HII Christens US Navy’s Newbuild Nuclear-Powered Aircraft-Carrier John F. Kennedy
At the celebration ceremony of the new nuclear-powered aircraft carrier of the US Navy and the American hero after whom the ship is named, Huntington Ingalls Industries’ christened the John F. Kennedy (CVN 79) at the Newport News Shipbuilding division of the company. Newport News Shipbuilding division.
“We are here to celebrate America’s military might and the brawn behind it,” said Jennifer Boykin, president of Newport News Shipbuilding. “We are here to celebrate innovation, pride, and perseverance that is the American way, and we are here to honor the patriot who inspired it. I speak for every Newport News shipbuilder — 25,000 strong — and the thousands of suppliers across the nation who support us when I say that we are proud to build John F. Kennedy.”
A bottle of American sparkling wine was smashed across the bow by the former U.S. ambassador Caroline Kennedy, the ship’s sponsor and daughter of President Kennedy to christen the ship. In her speech, she also mentioned about christening the first aircraft carrier that is named after her father.
“This ship will represent the ideals he lived by – courage, sacrifice and belief in freedom – and it will help make real his vision of a more just America and a more peaceful world,” Kennedy said. “I’m so proud to be the sponsor of this ship and to join with all of you to bring her to life. I look forward to being part of her odyssey and of her extended family. Most of all, I hope she will carry my father’s spirit with her as she sails, his leadership in wartime, his courage in crisis and his commitment to the hard and steady work of building peace.”
The ceremony was attended by over 20,000 including members of the Virginia congressional delegation U.S. Sen. Mark Warner and U.S. Rep. Robert C. Scott, who both offered remarks; and U.S. Rep. Elaine Luria. Other speakers included former U.S. Secretary of State John Kerry and Adm. Frank Caldwell, director of the Naval Nuclear Propulsion Program.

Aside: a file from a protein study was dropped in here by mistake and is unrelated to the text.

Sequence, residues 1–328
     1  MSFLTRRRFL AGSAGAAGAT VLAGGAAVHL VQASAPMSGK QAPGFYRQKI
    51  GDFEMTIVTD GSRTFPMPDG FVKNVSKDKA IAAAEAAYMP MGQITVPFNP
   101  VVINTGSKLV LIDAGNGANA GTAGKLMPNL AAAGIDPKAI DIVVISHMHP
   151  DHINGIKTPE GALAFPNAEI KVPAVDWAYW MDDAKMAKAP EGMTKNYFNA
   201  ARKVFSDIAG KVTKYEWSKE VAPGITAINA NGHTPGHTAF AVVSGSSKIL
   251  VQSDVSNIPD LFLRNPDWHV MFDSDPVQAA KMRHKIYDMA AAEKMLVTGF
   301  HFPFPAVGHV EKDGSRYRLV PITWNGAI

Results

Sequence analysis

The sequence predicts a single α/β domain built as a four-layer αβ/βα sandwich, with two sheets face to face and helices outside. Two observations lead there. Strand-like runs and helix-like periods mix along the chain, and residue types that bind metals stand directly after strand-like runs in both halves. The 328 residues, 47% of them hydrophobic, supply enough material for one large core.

James Geurts, assistant secretary of the Navy for research, development, and acquisition; Vice Adm. Thomas Moore, commander of Naval Sea Systems Command (NAVSEA); Adm. Christopher W. Grady, commander of U.S. Fleet Forces Command; and Capt. Todd Marzano, the ship’s prospective commanding officer also participated in the ceremony.
Adm. Tom Fargo (U.S. Navy, Ret.), HII chairman of the board, and Mike Petters, HII president, and CEO, was in attendance along with the employees of Newport who are building Kennedy, Kennedy’s crew, Navy personnel, and other government officials. The ceremony was also attended by former sailors who served on the first USS John F. Kennedy (CV 67) that was built and christened at Newport News in May 1967.
“As we observe ‘a date which will live in infamy’ on this 78th anniversary of the Japanese attack on Pearl Harbor, this magnificent vessel we see before us today is a symbol of our nation’s strength, of our technical achievements and of the critical service our men and women in uniform provide for this nation and the entire world,” said Charles Frank Bolden Jr., a retired U.S. Marine Corps major general and former NASA administrator, and astronaut who served as the principal speaker. “This carrier is also a tangible example of the legacy of a great man who risked his own life volunteering for hazardous duty in the Pacific during World War II in the wake of Pearl Harbor, and later came to embody a time of optimism that he translated into a vision for taking humans beyond the sphere of our planet.”
Since February 2011, when the construction of ship started, over 5,000 shipbuilders have helped in Kennedy’s construction and suppliers from 46 states in the country have provided with specialized parts, skilled services, and support to aircraft carrier production. After the christening, the vessel will be introduced in the James River and then moved to a pier where the ship’s outfitting and testing will be done. It is scheduled to be delivered to the U.S. Navy in 2022.
“President John F. Kennedy taught us that deterrence will always cost less than war,” said Thomas Modly, acting Secretary of the Navy. “The purpose of our military, including this warship that bears his name, must be to ensure our nation’s commitment to peace and prosperity for all nations of the world.”